Elie Wiesel's Relationship With His Family In The Book Night

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Night Essay

Ever wondered what it must feel like to be in the holocaust with your family? In the book Night, written by Elie Wiesel, Wiesel gives you a pretty good idea of what his relationship with his father was like during the horrific experience. In the book the Jewish family was deported to one of the deadliest concentration camps during world war II. Once arrived at the camp the family is separated. Elie and his father are forced to leave Wiesel's mom and sisters behind. Throughout all the suspense Elie and his father somehow always manage to find their way back to one another. At times Wiesel is so concentrated on surviving that he forgets about his father, but after all the suspense is gone he soon remembers his father and does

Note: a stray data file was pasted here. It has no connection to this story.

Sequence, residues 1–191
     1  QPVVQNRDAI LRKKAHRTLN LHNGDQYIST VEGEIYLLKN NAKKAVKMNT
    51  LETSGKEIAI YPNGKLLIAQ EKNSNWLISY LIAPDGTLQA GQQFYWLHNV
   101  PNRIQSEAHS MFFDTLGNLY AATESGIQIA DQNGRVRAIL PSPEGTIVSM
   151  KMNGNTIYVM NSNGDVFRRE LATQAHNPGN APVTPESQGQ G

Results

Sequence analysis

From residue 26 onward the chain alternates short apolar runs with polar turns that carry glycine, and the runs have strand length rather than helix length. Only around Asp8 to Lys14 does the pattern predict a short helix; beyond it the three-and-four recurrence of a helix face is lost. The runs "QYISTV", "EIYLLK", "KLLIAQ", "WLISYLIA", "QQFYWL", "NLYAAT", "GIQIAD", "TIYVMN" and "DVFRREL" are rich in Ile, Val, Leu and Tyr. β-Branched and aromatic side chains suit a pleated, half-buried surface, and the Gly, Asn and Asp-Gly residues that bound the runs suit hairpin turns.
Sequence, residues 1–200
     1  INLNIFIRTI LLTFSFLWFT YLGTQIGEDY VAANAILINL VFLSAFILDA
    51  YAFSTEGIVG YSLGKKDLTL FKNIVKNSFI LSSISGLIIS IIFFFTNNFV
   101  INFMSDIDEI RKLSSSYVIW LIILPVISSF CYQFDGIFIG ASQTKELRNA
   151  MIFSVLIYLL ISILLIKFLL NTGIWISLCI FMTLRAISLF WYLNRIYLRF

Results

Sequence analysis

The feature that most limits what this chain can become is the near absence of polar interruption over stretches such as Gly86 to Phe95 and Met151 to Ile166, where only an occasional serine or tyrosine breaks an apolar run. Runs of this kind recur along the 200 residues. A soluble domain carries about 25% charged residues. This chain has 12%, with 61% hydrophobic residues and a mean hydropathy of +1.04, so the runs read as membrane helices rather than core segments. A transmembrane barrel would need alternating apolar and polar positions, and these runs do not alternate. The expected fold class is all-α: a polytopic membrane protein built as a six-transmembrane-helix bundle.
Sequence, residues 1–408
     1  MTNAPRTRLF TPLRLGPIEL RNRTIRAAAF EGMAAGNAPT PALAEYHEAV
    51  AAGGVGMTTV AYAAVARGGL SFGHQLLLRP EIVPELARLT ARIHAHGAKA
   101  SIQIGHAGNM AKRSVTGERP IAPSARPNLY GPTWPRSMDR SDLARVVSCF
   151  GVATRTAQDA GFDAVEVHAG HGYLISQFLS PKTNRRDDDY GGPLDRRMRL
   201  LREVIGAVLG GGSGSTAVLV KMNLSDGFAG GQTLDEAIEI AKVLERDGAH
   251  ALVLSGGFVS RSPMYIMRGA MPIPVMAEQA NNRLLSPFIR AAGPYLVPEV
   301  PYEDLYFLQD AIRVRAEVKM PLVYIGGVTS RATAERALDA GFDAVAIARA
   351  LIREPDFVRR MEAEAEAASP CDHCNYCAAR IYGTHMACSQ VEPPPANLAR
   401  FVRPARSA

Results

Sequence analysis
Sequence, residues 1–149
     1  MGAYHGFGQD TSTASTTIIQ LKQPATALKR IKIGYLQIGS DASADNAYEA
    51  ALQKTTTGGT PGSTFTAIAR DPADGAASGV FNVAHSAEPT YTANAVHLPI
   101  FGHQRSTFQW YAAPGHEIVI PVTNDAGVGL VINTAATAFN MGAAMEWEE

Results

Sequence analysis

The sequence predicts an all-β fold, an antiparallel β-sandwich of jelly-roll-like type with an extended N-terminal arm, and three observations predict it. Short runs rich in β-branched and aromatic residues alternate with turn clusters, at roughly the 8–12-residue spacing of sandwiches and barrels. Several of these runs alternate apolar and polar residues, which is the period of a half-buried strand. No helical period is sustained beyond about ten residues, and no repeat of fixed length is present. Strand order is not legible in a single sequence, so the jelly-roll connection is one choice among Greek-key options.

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Wiesel states on page 51 “My father had not recognize him. He was scarcely have known him, since my father was up to his neck in the affairs of the Jewish community, and much less well versed in family matters. He was everywhere else, lost in his thoughts.” (51). Shlomo did not recognize his family member because he was always too busy with the Jewish community. This is sad because if Shlomo did not recognize him because he was always too busy when did he have time for his actual family. Shlomo did not communicate with his family most of the time. Still somehow Wiesel understands this. Shlomo was distanced from his family while he was the head of the jewish community. Even though Shlomo was at the house he was distanced in his head. He was always in his own little word. Always thinking about the jewish…show more content…
They were so close and the holocaust broke them apart. From Separation to death Wiesel and his father will always have a special bond. Even though they are dead their story lives on and so does their
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